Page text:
The preliminary phase of the Republican presidential race—the preprimary game of "Last Not-Mitt Standing"—may well turn on a pair of debates. How GOP voters respond to these fora will say a lot about the party's seriousness and the identity of its nominee.
First there will be a "Lincoln-Douglas" style contest this evening between former House Speaker Newt Gingrich and Jon Huntsman, the ex-governor of Utah who more recently was Barack Obama's ambassador to China. The face-off elegantly hearkens to the party's early glory days putting it in stark contrast to the other debate in question, a Donald Trump-orchestrated circus at the end of December which perfectly illustrates how much the GOP has become dominated by an entertainment-industrial-complex freak show.
The commonality between the two events is frontrunner du jour Gingrich. The historically erratic politician has suddenly caught the eye of the atypically ticklish Republican electorate. But with a month before the Iowa caucuses, there's plenty of time for one more convulsion of the electorate. Buzz is building that the Gingrich boom may give way to a Huntsman surge.
Right now Gingrich sits at the top of most national polls. Given that, it's hard to understand why Newt, whose self-seriousness can verge on self-parody, has agreed to participate in Trump's December 27 Iowa publicity stunt. (It's worth noting that only Gingrich and former Pennsylvania Sen. Rick Santorum, last seen losing his 2006 re-election bid by a whopping 17 points, are the only GOPers taking part--Huntsman and the rest deserve credit for refusing to treat Trump as a serious part of the primary process.)
The answer partly relates to the GOP's allowing entertainers like Rush Limbaugh and Glenn Beck to assume leadership roles within the conservative movement. The problem with letting media personalities run your party is that their ultimate interest is building audience, usually with conflict, rather than building coalitions or enacting policies, which requires broad appeals and compromise. Reality star Trump, with his birther bomb throwing, fits in perfectly.
And the answer partly relates to Gingrich himself. There are famously two Newts. Good Newt was the driving intellectual and political force behind the 1994 Republican Revolution. But there's a reason why Gingrich's GOP colleagues forced him from office. "Newt has 10 ideas a day—two of them are good, six are weird, and two very weird," former House GOP colleague Scott Klug of Wisconsin told the Wall Street Journal last week. "The question for Newt is: Is he disciplined enough to make it through a campaign?"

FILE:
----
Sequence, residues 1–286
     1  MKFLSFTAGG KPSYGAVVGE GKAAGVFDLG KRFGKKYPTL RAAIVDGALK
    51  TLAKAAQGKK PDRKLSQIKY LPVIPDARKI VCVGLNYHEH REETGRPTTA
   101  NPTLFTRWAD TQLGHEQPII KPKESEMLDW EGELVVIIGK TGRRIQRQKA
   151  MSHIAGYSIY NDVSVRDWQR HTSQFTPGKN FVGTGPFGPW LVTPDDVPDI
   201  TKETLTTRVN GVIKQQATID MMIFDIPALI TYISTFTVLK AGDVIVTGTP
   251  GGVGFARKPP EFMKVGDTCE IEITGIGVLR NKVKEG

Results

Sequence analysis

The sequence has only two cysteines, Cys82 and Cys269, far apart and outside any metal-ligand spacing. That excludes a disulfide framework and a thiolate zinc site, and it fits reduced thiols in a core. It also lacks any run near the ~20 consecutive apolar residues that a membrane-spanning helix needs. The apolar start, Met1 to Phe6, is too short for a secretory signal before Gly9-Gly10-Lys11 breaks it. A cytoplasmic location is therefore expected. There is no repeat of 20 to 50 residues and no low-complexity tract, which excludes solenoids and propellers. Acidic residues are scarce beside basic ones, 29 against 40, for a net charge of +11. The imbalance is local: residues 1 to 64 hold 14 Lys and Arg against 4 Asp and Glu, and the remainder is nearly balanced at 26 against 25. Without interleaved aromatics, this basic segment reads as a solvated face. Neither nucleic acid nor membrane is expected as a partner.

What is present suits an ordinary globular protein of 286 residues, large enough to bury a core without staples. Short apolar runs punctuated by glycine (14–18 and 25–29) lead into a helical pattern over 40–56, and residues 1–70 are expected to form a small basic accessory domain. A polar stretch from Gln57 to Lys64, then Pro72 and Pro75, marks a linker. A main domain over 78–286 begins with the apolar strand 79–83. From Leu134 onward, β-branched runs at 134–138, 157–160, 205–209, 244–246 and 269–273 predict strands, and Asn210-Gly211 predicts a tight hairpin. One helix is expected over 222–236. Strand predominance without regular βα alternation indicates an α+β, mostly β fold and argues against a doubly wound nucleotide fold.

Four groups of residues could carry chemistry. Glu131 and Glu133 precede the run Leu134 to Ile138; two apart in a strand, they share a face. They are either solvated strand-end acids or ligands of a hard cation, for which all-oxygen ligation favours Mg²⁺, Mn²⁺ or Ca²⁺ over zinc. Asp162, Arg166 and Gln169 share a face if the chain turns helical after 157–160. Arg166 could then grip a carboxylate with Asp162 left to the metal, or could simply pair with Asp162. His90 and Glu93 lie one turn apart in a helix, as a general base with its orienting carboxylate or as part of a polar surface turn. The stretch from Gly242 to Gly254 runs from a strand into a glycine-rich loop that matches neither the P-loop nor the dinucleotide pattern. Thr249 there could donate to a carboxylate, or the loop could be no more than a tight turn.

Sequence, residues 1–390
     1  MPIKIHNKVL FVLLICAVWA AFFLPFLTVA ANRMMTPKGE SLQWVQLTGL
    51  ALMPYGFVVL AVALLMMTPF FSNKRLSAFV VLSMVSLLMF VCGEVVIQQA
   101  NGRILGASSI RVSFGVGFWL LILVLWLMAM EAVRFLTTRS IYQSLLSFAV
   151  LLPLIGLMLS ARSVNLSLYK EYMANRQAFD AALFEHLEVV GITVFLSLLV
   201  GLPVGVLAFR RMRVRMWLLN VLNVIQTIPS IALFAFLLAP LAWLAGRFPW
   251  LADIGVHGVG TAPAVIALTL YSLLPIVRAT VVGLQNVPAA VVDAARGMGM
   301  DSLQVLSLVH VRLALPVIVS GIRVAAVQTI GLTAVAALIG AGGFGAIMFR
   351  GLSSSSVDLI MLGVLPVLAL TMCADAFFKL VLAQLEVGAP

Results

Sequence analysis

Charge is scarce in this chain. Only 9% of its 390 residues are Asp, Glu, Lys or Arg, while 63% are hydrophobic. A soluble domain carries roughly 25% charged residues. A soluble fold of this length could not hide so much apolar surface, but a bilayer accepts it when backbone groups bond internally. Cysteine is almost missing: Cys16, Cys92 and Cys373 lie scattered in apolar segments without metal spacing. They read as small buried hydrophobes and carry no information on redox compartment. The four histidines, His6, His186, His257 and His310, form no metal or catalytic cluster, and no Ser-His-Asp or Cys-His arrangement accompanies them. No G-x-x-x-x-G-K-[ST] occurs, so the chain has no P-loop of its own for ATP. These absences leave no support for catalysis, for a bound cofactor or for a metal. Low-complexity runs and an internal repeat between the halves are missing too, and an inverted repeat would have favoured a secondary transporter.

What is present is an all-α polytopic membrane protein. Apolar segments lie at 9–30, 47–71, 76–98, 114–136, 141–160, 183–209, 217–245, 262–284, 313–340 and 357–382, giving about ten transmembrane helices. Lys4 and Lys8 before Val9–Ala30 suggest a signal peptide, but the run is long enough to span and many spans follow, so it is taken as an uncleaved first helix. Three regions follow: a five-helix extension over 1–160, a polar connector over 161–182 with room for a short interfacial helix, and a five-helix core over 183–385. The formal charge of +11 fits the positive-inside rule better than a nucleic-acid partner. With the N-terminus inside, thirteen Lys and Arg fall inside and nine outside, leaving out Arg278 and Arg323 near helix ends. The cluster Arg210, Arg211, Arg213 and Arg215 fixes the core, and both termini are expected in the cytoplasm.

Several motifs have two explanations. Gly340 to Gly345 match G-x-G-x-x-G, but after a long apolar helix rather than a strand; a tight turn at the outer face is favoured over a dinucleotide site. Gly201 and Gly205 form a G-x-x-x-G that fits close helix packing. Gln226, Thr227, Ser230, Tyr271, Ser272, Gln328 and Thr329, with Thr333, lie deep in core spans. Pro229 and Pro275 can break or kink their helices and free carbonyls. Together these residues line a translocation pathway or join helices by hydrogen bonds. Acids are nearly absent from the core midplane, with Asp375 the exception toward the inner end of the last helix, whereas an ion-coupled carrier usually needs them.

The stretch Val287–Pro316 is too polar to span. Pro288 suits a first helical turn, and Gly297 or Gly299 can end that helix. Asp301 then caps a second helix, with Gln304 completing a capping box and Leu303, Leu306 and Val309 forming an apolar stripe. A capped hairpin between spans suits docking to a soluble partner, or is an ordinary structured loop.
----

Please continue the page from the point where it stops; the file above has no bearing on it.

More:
Lack of discipline and preening hubris help explain why Gingrich is willing to participate in the Trump insanity. It's not one of his two good ideas.
And those qualities, along with his checkered post-congressional career, explain why many conservative commentators cringe at the notion of a Gingrich nomination. He "embodies the vanity and rapacity that make modern Washington repulsive," George Will wrote in the Washington Post last week. "And there is his anti-conservative confidence that he has a comprehensive explanation of, and plan to perfect, everything." Or consider Charles Krauthammer, in the Post earlier this month: "Gingrich's obvious weakness is a history of flip-flops, zigzags and mind changes even more extensive than [former Massachusetts Gov. Mitt] Romney's—on climate change, the health-care mandate, cap-and-trade, Libya, the Ryan Medicare plan, etc."
Even if Gingrich somehow avoids the kind of self-immolation he's indulged in in the past, the right's dalliance with him seems likely to fray in the face of these flip-flops, not to mention Tea Partyers realizing that his Washington outsider rhetoric is disconnected from his Beltway insider career, especially as an influence peddler (see the $1.6 million he earned from Freddie Mac for his services as a "historian"). A month is plenty of time for them to sour on him; the Trump debate could well be his tipping point or even swan song.